Blind Review: Drew Estate Nica Rustica Adobe
In 2013, Drew Estate introduced a new line of cigars called Nica Rustica. The purpose was to pay homage to the beautiful Esteli, Nicaragua, where colorful barrios shine brightly within the mountains and the home of La Gran Fabrica Drew Estate.
This year, Drew Estate created a second expression under the Nica Rustica portfolio called Nica Rustica Adobe. It came with a recent Freestyle Live Event Pack under the guise of a mystery cigar.
In an interview, Jonathan Drew, founder of Drew Estate, describes Nica Rustica Adobe as “…a proud and no-nonsense cigar that represents our strong bond between La Gran Fabrica Drew Estate and its beautiful Nicaraguan home, where the mountains meet the sun.”
- Cigar Reviewed: Drew Estate: Nica Rustica Adobe
- Wrapper: Ecuadorian Habano
- Binder: Brazil
- Filler: Nicaragua
- Size: Toro (6″x52)
Appearance & Construction
The light brown wrapper on this cigar looks smooth but is quite dry to the touch. There are a few tiny cracks throughout the cigar, with several visible veins running the surface amok. Even so, this cigar still feels mighty sturdy.
Flavor and Smoke Characteristics
The cafe au lait colored wrapper gives off a faint sweetness on its surface. When I traveled down to the foot of the cigar, it got more tart with a dash of pepper spice, which tickled my nose. I slice off the cap using my trusty Xikar XO cutter and go straight in for a cold draw. The flavor is fruity: sweet and tart apricot, to be exact.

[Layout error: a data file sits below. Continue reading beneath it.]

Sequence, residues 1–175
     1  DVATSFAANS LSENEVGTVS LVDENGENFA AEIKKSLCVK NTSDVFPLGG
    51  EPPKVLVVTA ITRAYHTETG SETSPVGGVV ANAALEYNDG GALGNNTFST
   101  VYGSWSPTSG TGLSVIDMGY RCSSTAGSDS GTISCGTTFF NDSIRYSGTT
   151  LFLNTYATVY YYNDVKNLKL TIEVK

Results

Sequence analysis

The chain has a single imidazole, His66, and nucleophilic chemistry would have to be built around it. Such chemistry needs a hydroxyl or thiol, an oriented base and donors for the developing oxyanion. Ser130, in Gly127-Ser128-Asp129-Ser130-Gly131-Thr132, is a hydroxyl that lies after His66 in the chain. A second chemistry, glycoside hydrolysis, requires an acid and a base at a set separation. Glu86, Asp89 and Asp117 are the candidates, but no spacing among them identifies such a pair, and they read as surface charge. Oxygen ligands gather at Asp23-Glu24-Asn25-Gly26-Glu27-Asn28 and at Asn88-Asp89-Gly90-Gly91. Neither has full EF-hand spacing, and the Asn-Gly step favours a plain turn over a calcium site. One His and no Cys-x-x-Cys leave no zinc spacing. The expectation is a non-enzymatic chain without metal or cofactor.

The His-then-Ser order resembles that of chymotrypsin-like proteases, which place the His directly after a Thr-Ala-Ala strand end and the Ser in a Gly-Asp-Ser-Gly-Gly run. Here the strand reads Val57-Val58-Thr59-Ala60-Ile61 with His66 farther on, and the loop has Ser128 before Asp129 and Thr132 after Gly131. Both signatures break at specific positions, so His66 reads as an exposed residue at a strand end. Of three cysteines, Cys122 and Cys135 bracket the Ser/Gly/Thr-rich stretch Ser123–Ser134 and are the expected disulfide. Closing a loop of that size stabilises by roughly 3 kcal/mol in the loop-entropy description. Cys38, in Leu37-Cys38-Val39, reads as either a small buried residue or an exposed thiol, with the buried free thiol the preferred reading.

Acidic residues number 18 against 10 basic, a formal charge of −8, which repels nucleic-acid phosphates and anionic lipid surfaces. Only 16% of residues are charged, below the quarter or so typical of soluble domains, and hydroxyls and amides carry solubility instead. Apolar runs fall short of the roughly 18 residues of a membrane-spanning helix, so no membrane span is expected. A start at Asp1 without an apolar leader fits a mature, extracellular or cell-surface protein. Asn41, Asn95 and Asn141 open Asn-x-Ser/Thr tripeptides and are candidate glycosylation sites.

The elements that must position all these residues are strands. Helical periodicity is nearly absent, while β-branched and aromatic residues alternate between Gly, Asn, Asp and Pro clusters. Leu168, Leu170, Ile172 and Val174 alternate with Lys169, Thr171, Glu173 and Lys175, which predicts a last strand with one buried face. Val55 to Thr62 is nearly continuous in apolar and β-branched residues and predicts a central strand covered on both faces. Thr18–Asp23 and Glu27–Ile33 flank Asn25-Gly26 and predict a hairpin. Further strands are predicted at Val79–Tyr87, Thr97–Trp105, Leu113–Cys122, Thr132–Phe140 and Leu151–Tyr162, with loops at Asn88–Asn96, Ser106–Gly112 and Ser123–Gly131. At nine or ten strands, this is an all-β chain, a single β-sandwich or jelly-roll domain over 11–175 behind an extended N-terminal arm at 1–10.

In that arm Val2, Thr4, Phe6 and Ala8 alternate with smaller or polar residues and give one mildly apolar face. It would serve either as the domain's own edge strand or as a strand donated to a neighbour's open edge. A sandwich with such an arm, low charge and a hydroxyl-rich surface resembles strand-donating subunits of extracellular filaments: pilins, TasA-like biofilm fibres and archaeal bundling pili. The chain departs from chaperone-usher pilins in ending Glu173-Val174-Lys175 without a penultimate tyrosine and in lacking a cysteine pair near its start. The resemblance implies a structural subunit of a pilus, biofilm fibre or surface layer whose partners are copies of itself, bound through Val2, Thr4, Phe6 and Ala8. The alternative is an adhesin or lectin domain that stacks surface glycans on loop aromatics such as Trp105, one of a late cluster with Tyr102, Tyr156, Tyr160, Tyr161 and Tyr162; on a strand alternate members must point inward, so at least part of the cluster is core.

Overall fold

As soon as I light the cigar, I go in for a puff and get a combination of sweet and savory taste with profiles of charred wood, dry hay, raw sugar, and black pepper spice. I retrohale the next puff and got a satisfying amount of red pepper spice. The spice lingered for a while before it decided to settle down. I was then able to identify roasted peanuts and cedarwood. The finish of this cigar is unique; I got left with mesquite flavors from the retrohale and sweet and spicy sawdust on my palate. So far, this cigar has a solid build. The burn line is slightly wavy but even. The restrictiveness is on the tighter side for me, about an 8 out of 10. Even so, it gives off a plethora of smoke.
Sadly, I only enjoyed about an inch and a half before a tunnel formed, and it was big enough for me to hear my echo if I screamed into it. I run my fingers halfway down before I feel a solid spot where the tunnel ends and reluctantly cut almost 2 inches off.
I fast-travel to the second third and relight the cigar. The smoke becomes creamy as I taste raw almonds, dry hay, and sweet toffee. The spice on the palate is gone completely. I then retrohale and got greeted by the same red pepper spice from the first third. Similar to the reappearance of the red pepper spice on the retrohale, the tunneling resurfaced half an inch in, but it was not as big as the first one, and I decided to power through.
Unfortunately, the final third did not get any better, as the filler tobacco is almost non-existence at this point. I get sweet and creamy raw almonds and cedarwood before the smoke gets too hot. I did one last retrohale, and it was delightful! I got sweet and tart stone fruits, creamy toffee, dry hay, and a satisfying amount of pepper spice. I wished that the last retrohale lasted a little bit longer.
The Nica Rustica Adobe had potential. I thoroughly enjoyed it before the tunneling and on the final puffs. I like the constant sweet and creamy profile; it was welcoming, but the construction issue was too much to bear. Overall, I don’t think this is a good representation of the Nica Rustica Adobe; I will seek out another one and hope it will redeem this one.